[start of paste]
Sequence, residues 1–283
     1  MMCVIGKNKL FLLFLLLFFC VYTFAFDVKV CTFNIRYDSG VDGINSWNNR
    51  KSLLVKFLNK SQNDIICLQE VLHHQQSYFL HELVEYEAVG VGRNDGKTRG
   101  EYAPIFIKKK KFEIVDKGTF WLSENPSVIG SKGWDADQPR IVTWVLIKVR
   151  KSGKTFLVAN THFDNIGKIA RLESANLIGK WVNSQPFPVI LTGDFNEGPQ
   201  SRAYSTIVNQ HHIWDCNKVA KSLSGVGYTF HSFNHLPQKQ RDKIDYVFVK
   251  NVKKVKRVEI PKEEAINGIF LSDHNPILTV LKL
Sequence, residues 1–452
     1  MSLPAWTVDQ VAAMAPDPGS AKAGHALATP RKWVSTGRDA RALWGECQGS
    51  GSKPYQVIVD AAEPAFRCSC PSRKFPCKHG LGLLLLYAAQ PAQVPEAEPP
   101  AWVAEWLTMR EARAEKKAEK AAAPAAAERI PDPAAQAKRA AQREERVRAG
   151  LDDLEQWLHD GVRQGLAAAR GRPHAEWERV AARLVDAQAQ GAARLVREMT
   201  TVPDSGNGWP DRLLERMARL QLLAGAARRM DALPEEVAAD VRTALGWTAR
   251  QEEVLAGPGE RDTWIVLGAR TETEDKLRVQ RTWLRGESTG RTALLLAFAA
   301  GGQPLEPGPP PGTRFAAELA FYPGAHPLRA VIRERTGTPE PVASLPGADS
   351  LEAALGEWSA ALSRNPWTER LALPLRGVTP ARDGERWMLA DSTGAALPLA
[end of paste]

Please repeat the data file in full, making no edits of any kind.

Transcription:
Sequence, residues 1–283
     1  MMCVIGKNKL FLLFLLLFFC VYTFAFDVKV CTFNIRYDSG VDGINSWNNR
    51  KSLLVKFLNK SQNDIICLQE VLHHQQSYFL HELVEYEAVG VGRNDGKTRG
   101  EYAPIFIKKK KFEIVDKGTF WLSENPSVIG SKGWDADQPR IVTWVLIKVR
   151  KSGKTFLVAN THFDNIGKIA RLESANLIGK WVNSQPFPVI LTGDFNEGPQ
   201  SRAYSTIVNQ HHIWDCNKVA KSLSGVGYTF HSFNHLPQKQ RDKIDYVFVK
   251  NVKKVKRVEI PKEEAINGIF LSDHNPILTV LKL
Sequence, residues 1–452
     1  MSLPAWTVDQ VAAMAPDPGS AKAGHALATP RKWVSTGRDA RALWGECQGS
    51  GSKPYQVIVD AAEPAFRCSC PSRKFPCKHG LGLLLLYAAQ PAQVPEAEPP
   101  AWVAEWLTMR EARAEKKAEK AAAPAAAERI PDPAAQAKRA AQREERVRAG
   151  LDDLEQWLHD GVRQGLAAAR GRPHAEWERV AARLVDAQAQ GAARLVREMT
   201  TVPDSGNGWP DRLLERMARL QLLAGAARRM DALPEEVAAD VRTALGWTAR
   251  QEEVLAGPGE RDTWIVLGAR TETEDKLRVQ RTWLRGESTG RTALLLAFAA
   301  GGQPLEPGPP PGTRFAAELA FYPGAHPLRA VIRERTGTPE PVASLPGADS
   351  LEAALGEWSA ALSRNPWTER LALPLRGVTP ARDGERWMLA DSTGAALPLA